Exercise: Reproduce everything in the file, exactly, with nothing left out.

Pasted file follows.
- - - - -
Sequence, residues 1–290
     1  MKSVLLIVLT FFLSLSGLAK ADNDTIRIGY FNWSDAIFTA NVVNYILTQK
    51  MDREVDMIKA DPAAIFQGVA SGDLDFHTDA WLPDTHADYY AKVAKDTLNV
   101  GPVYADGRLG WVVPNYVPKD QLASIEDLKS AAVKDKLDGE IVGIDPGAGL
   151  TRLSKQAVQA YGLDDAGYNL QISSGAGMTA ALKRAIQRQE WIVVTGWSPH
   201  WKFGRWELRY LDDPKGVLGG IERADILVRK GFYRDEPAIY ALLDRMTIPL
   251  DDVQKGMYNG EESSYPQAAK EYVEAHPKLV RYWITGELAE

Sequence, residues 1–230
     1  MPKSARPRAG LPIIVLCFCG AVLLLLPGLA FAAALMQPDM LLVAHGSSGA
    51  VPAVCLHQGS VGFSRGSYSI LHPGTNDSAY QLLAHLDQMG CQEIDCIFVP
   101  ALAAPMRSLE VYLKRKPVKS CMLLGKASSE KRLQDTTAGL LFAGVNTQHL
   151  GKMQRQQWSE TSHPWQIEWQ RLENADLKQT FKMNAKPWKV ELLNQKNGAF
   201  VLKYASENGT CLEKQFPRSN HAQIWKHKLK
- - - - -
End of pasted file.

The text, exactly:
Sequence, residues 1–290
     1  MKSVLLIVLT FFLSLSGLAK ADNDTIRIGY FNWSDAIFTA NVVNYILTQK
    51  MDREVDMIKA DPAAIFQGVA SGDLDFHTDA WLPDTHADYY AKVAKDTLNV
   101  GPVYADGRLG WVVPNYVPKD QLASIEDLKS AAVKDKLDGE IVGIDPGAGL
   151  TRLSKQAVQA YGLDDAGYNL QISSGAGMTA ALKRAIQRQE WIVVTGWSPH
   201  WKFGRWELRY LDDPKGVLGG IERADILVRK GFYRDEPAIY ALLDRMTIPL
   251  DDVQKGMYNG EESSYPQAAK EYVEAHPKLV RYWITGELAE

Sequence, residues 1–230
     1  MPKSARPRAG LPIIVLCFCG AVLLLLPGLA FAAALMQPDM LLVAHGSSGA
    51  VPAVCLHQGS VGFSRGSYSI LHPGTNDSAY QLLAHLDQMG CQEIDCIFVP
   101  ALAAPMRSLE VYLKRKPVKS CMLLGKASSE KRLQDTTAGL LFAGVNTQHL
   151  GKMQRQQWSE TSHPWQIEWQ RLENADLKQT FKMNAKPWKV ELLNQKNGAF
   201  VLKYASENGT CLEKQFPRSN HAQIWKHKLK